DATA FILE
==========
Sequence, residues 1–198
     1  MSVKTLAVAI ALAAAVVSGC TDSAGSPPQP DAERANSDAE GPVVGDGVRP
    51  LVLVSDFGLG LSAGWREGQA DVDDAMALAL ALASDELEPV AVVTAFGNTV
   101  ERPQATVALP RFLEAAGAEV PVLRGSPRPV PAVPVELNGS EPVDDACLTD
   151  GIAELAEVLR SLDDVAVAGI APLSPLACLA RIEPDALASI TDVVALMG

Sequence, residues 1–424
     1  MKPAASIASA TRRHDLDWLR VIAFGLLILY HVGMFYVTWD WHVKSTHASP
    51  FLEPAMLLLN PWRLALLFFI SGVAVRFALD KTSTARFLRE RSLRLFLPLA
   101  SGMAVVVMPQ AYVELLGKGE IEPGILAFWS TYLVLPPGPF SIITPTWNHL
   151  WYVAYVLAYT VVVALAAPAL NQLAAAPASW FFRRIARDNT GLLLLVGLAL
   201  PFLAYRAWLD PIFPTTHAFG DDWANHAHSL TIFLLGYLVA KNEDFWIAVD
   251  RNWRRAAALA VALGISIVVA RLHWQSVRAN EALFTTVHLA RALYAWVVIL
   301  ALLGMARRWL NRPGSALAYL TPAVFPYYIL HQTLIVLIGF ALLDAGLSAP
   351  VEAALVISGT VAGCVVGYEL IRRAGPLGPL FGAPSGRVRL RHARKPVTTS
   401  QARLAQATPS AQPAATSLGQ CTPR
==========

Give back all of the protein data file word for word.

Sequence, residues 1–198
     1  MSVKTLAVAI ALAAAVVSGC TDSAGSPPQP DAERANSDAE GPVVGDGVRP
    51  LVLVSDFGLG LSAGWREGQA DVDDAMALAL ALASDELEPV AVVTAFGNTV
   101  ERPQATVALP RFLEAAGAEV PVLRGSPRPV PAVPVELNGS EPVDDACLTD
   151  GIAELAEVLR SLDDVAVAGI APLSPLACLA RIEPDALASI TDVVALMG

Sequence, residues 1–424
     1  MKPAASIASA TRRHDLDWLR VIAFGLLILY HVGMFYVTWD WHVKSTHASP
    51  FLEPAMLLLN PWRLALLFFI SGVAVRFALD KTSTARFLRE RSLRLFLPLA
   101  SGMAVVVMPQ AYVELLGKGE IEPGILAFWS TYLVLPPGPF SIITPTWNHL
   151  WYVAYVLAYT VVVALAAPAL NQLAAAPASW FFRRIARDNT GLLLLVGLAL
   201  PFLAYRAWLD PIFPTTHAFG DDWANHAHSL TIFLLGYLVA KNEDFWIAVD
   251  RNWRRAAALA VALGISIVVA RLHWQSVRAN EALFTTVHLA RALYAWVVIL
   301  ALLGMARRWL NRPGSALAYL TPAVFPYYIL HQTLIVLIGF ALLDAGLSAP
   351  VEAALVISGT VAGCVVGYEL IRRAGPLGPL FGAPSGRVRL RHARKPVTTS
   401  QARLAQATPS AQPAATSLGQ CTPR